United States v. Chansriharaj, 446 F. Supp. 107 (S.D.N.Y. 1978)
February 16, 1978
UNITED STATES of America, Plaintiff,
Sawaddi CHANSRIHARAJ a/k/a "Sawat Nawbhanich" and Kenji Suzuki, Defendants.
United States District Court, S. D. New York.
*108 Louis R. Aidala, New York City, for defendant, Kenji Suzuki.
Robert B. Fiske, Jr., U. S. Atty., by Jane W. Parver, Asst. U. S. Atty., New York City, for U. S.
LEVAL, District Judge.
The defendant's motion to suppress his statements made in response to questions of an Assistant United States Attorney raises a difficult question as to the government's discharge of its obligations under Miranda v. Arizona, 384 U.S. 436, 86 S. Ct. 1602, 16 L. Ed. 2d 694 (1966).
The issue (not infrequently encountered by prosecutors) is what to do when a defendant, upon being advised of his right to have a lawyer present at the interview, makes an ambiguous or unclear answer which neither asserts the desire to avail himself of the right nor clearly waives it. Further inquiry may well be required to clarify the defendant's understanding and his wishes. I find that what was done here was insufficient.
Agents of the Drug Enforcement Administration arrested Kenji Suzuki, a Japanese national, in his hotel room in the afternoon of Sunday November 6, 1977, with more than sufficient probable cause to believe that he had recently delivered a kilo of heroin to the now cooperating Thai co-defendant and was prepared to deliver more. An agent asked Suzuki whether he understood English. He answered in the affirmative. The question was repeated and again answered affirmatively. Then, reading from a Justice Department card, the agent went through the Miranda rights slowly, pausing after each one and obtaining the defendant's acknowledgement that he understood it. Having completed the advice, he asked Suzuki, "Do you want to talk to me?", and received an affirmative answer.
Suzuki answered the agents' questions in a manner which he thought exculpatory, since he denied awareness that the substance in his possession was narcotic, but which also was seriously inculpatory in that he acknowledged having imported "powder" for a Thai "kickboxer" and having delivered it, as instructed, to the Thai co-defendant in New York.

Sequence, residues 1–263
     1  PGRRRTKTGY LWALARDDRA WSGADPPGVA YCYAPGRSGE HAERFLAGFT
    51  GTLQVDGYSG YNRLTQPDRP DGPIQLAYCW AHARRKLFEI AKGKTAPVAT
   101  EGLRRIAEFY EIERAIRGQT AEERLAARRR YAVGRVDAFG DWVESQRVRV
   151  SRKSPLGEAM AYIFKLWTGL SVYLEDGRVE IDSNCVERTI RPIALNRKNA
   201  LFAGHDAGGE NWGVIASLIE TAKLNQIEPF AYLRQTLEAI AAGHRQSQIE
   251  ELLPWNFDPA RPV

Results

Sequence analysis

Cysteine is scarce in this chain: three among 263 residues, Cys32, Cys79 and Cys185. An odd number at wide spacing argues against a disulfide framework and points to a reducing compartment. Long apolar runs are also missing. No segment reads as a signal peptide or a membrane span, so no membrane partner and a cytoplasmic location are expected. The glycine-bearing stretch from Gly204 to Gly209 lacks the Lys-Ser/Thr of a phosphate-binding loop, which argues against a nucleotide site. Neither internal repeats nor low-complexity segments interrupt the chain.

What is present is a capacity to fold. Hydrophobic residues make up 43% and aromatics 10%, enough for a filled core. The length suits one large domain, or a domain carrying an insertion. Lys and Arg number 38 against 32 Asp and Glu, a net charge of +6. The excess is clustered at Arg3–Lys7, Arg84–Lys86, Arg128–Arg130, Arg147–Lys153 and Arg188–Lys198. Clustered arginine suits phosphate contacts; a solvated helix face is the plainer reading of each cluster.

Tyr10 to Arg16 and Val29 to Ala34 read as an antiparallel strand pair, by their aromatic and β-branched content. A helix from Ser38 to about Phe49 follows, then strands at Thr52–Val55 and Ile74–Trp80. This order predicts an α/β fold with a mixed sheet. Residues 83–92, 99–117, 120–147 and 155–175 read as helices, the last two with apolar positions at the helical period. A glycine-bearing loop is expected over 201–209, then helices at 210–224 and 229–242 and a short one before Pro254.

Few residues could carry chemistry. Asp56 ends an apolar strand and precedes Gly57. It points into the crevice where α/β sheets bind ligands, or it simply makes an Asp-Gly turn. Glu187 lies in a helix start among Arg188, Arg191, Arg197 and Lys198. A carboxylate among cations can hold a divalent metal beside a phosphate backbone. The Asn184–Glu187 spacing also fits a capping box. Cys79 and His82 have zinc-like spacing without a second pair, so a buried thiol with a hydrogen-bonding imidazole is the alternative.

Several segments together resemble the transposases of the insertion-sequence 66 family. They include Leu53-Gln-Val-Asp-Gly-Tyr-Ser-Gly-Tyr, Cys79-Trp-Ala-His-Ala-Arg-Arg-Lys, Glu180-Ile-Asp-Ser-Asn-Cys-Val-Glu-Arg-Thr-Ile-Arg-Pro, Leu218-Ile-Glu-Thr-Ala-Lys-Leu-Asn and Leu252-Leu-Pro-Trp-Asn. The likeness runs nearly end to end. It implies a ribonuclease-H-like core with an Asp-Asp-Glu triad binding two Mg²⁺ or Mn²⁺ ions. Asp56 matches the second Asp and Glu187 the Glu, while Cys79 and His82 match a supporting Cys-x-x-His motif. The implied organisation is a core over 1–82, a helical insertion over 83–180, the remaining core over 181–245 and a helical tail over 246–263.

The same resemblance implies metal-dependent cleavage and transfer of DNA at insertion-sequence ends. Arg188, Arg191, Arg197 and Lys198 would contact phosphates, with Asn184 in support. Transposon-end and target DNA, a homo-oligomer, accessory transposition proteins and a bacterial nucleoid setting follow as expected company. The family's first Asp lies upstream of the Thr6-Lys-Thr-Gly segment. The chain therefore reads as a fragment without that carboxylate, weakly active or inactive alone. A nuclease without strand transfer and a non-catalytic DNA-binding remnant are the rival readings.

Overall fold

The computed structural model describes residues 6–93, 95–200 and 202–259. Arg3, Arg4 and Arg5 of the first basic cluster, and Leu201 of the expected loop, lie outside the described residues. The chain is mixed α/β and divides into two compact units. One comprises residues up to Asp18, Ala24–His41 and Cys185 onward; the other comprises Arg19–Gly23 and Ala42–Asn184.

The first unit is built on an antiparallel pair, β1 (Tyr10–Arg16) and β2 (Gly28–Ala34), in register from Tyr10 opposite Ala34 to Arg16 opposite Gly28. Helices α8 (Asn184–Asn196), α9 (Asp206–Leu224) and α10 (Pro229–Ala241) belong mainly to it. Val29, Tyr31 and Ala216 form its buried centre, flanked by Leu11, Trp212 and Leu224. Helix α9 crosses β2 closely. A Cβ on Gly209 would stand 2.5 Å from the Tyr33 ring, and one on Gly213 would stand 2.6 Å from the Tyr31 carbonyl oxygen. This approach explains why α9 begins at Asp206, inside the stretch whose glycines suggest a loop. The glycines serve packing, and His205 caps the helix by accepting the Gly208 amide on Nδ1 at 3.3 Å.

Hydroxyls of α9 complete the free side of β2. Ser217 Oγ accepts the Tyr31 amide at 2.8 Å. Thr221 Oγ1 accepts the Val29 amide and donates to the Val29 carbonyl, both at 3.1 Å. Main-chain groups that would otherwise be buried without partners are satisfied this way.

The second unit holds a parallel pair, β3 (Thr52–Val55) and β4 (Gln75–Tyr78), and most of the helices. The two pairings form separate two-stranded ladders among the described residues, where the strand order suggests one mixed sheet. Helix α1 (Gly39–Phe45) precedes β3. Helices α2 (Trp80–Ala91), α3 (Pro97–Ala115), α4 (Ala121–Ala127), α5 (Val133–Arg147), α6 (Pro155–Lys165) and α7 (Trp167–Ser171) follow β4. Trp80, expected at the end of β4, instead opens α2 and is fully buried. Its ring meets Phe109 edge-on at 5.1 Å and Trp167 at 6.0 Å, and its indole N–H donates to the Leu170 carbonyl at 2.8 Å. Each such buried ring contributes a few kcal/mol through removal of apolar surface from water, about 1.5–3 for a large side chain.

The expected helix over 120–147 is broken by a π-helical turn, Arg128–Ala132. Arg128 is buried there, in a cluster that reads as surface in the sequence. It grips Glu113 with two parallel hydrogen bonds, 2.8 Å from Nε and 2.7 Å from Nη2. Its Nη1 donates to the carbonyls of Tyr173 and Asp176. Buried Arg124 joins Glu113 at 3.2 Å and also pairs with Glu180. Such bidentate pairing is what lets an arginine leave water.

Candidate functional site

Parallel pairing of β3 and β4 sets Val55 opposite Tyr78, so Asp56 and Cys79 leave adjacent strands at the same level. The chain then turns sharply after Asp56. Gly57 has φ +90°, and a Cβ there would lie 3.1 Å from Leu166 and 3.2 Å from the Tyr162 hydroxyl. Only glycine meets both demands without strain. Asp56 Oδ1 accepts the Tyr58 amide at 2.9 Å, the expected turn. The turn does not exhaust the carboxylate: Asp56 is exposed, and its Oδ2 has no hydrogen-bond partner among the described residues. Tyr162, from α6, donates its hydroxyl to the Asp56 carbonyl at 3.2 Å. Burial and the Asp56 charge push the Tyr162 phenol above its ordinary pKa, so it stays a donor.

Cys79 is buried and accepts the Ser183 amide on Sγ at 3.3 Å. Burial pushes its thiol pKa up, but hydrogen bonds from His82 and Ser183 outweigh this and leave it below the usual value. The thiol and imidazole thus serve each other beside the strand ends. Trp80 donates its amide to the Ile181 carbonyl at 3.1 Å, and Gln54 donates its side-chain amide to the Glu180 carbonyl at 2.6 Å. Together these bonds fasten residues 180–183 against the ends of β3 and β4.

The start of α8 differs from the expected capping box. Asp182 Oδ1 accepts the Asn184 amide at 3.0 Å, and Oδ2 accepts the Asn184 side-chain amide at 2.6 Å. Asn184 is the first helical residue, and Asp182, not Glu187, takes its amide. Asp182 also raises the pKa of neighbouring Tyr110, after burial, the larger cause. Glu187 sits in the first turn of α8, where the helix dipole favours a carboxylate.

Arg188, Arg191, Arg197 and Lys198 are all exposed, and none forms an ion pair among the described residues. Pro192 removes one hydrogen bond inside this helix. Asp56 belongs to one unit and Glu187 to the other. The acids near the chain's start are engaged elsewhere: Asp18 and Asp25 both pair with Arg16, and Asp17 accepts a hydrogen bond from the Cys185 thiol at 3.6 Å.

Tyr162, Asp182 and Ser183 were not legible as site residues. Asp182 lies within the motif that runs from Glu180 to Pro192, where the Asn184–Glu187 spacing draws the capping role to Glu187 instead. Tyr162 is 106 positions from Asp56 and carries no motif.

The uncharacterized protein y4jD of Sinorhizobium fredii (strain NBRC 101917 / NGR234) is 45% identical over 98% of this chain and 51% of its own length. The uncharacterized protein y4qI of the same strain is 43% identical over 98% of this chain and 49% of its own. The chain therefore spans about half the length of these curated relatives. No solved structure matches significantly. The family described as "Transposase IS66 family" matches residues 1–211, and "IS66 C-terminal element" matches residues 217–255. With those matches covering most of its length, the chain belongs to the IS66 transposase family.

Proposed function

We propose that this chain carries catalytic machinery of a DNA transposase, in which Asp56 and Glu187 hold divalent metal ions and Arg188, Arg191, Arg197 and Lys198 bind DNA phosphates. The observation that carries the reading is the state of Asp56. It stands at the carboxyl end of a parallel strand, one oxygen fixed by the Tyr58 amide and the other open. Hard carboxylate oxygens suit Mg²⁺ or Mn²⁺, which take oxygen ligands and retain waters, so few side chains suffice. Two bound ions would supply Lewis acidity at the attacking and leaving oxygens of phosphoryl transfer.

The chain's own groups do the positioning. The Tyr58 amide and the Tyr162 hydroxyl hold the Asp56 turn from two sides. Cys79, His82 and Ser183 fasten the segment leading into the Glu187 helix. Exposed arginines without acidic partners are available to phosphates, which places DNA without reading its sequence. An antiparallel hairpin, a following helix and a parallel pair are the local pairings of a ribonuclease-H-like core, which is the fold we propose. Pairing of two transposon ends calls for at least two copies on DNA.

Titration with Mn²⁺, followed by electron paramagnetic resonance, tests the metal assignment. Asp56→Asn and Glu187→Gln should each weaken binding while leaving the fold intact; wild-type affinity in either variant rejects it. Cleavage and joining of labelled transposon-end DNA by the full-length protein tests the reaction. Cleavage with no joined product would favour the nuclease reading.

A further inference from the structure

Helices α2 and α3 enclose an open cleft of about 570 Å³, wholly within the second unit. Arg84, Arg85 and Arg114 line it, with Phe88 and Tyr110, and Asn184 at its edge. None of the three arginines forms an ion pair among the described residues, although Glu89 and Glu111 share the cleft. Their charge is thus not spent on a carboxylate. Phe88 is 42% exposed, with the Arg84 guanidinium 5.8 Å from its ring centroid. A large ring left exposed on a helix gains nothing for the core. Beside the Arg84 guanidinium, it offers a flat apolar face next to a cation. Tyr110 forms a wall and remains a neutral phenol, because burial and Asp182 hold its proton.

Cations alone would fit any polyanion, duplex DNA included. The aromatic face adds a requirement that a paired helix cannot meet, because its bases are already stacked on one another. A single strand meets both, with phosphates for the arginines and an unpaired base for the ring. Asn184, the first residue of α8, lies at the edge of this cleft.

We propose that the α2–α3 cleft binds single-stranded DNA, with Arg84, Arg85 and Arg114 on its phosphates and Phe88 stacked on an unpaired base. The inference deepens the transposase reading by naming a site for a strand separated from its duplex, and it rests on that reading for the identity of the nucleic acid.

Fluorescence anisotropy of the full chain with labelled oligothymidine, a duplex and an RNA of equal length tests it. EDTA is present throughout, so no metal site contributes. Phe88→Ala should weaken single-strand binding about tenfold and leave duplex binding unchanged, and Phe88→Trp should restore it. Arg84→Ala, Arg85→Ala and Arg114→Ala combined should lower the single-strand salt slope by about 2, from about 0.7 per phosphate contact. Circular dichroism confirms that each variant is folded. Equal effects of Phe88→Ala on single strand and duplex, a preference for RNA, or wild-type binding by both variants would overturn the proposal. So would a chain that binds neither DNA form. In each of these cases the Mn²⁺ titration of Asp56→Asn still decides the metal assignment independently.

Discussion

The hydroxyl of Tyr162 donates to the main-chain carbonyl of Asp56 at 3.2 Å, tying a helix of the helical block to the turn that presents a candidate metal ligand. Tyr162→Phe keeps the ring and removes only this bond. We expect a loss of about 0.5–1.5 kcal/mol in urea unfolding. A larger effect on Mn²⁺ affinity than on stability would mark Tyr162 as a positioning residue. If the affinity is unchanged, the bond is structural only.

The defendant was lodged over Sunday night in the Metropolitan Correctional Center. The next morning, prior to arraignment, he was brought to the office of an Assistant U.S. Attorney. A Japanese interpreter was present. The Assistant, through the interpreter who was instructed to translate verbatim, began by advising the defendant of his rights. Reading from a mimeographed U.S. government form, the Assistant stated each right and asked if the defendant understood.
The problem arose when, in response to the inquiry whether he understood his right to have an attorney present during the interview, the defendant stated, "I have a friend Mr. Mori who is trying to arrange a lawyer." The Assistant then repeated verbatim from the form, "You have a right to consult an attorney and to have that attorney present during this interview. Do you understand that now?" The defendant answered "Yes" and the interview proceeded. The Assistant asked if the defendant wished to answer questions about his background, informing him that he could stop at any time. He agreed to do so. Considerably later in the interview, the Assistant asked, "Would you like to tell me what happened?" Suzuki then made further partially exculpatory and partially incriminating admissions, in response to questions.
The government concedes that, had Suzuki stated that he wished to consult an attorney, further interrogation would have *109 been barred. It contends, however, that, since Suzuki understood his rights and nonetheless agreed to answer, he must be deemed to have waived his right. Alternatively, it argues that this instance is governed by a line of cases in which subsequently volunteered statements have been admitted despite clear prior assertions of intent to consult counsel.
The issue here cannot be whether the defendant volunteered or was prepared to volunteer any information, because he was not given such an opportunity. The questioning continued after his ambiguous assertion, and he spoke only in answer to questions. The crucial difference between these facts and the cases on which the government relies is that in the cited cases the government stopped all substantive questioning upon the defendant's invocation of Miranda rights and played no role in procuring the admissions subsequently made. For example, in Cobbs v. Robinson, 528 F.2d 1331, 1342 (2nd Cir. 1975), cert. denied, 424 U.S. 1947, 96 S. Ct. 1419, 47 L. Ed. 2d 354 (1976), "[t]here was no evidence of any attempt at an interrogation." To the contrary "a police officer advised [the defendant] that no statement from him was needed because they already had sufficient evidence." He was offered a telephone to call his lawyer; instead he called his grandmother who came to the police station, spoke to him in private and convinced him to tell the police the facts, which he did without a question on their part.